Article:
Adam lives with his mother in the poor part of town. His father left when he was a child and his older brother has left to play college football. Adam is 14 and about to become a starter on his high school's football team even though he's only a sophomore. He's also doing well in school, works a part time job at a gas station with his good friend Simon and is dating Phoebe, a girl from a wealthy established family. Everyone believes he has what it takes to go even further than his brother.
Adam's life is upended when his next door neighbour brings home a new wife, Beatrice. Beatrice becomes overly interested in Adam and finds ways to be alone with him and essentially sexually assault him. Adam is a teenaged boy - he's torn between his physical interest in Beatrice and the need to lie to everyone in his life. To make matters worse Beatrice sucks Adam's mother into a shady real estate deal - encouraging her to quit her steady job in order to get rich quick.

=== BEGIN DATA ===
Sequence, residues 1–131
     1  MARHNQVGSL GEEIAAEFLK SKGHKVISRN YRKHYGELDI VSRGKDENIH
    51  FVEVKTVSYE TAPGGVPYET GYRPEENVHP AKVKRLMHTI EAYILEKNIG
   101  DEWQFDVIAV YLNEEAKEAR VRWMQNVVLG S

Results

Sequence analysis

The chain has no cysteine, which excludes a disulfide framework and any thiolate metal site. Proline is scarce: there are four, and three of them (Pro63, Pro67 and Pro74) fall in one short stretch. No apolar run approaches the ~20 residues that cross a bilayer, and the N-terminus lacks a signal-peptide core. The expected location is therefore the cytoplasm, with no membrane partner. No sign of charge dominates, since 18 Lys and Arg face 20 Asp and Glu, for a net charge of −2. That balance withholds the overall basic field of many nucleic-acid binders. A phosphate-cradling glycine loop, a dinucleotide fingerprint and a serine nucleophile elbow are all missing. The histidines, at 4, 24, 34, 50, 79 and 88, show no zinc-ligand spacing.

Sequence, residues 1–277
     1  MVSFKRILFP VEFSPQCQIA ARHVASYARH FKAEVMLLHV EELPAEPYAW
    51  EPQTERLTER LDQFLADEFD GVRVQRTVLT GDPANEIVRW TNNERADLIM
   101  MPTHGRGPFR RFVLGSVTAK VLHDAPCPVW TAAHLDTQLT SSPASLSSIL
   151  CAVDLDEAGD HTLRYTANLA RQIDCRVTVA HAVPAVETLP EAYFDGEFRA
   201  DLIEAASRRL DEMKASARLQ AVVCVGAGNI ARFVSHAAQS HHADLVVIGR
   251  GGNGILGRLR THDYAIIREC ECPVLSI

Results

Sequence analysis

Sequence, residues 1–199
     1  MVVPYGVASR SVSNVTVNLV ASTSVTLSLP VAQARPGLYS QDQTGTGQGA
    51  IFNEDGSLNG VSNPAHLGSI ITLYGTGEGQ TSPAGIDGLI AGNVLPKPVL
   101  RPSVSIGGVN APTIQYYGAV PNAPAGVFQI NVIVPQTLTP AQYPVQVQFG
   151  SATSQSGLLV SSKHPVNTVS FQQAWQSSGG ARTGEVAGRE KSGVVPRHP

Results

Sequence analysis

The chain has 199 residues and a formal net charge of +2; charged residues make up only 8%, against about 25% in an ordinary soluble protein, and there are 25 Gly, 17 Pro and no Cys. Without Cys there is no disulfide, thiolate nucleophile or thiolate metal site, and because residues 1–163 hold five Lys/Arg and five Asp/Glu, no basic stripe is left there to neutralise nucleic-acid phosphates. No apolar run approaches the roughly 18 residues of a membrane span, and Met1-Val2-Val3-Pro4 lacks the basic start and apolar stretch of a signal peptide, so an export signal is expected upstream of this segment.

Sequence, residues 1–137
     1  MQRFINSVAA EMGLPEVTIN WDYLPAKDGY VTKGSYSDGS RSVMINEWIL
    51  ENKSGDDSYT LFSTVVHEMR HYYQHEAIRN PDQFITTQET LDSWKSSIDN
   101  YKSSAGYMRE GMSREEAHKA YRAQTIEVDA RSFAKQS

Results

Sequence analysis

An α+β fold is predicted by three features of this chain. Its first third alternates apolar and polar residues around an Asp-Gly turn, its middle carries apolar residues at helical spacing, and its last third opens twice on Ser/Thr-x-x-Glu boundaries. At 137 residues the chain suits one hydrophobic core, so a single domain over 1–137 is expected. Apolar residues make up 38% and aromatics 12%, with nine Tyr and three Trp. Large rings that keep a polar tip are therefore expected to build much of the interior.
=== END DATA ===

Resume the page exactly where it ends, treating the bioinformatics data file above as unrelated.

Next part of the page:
Over the course of the summer Beatrice's past starts to catch up with her and Adam, his mother, Beatrice's husband and others get caught in the complicated web.
The main story is interesting though disturbing. There are also side stories of note - in particular that of Simon who comes from a very wealthy but conservative African family. He is one of the few people of colour in the town and is "accused" of being gay causing his parents to kick him out of their home. The support Adam musters for Simon, despite being in such a troubled state of his own, shows a really nice aspect of teenaged friendship.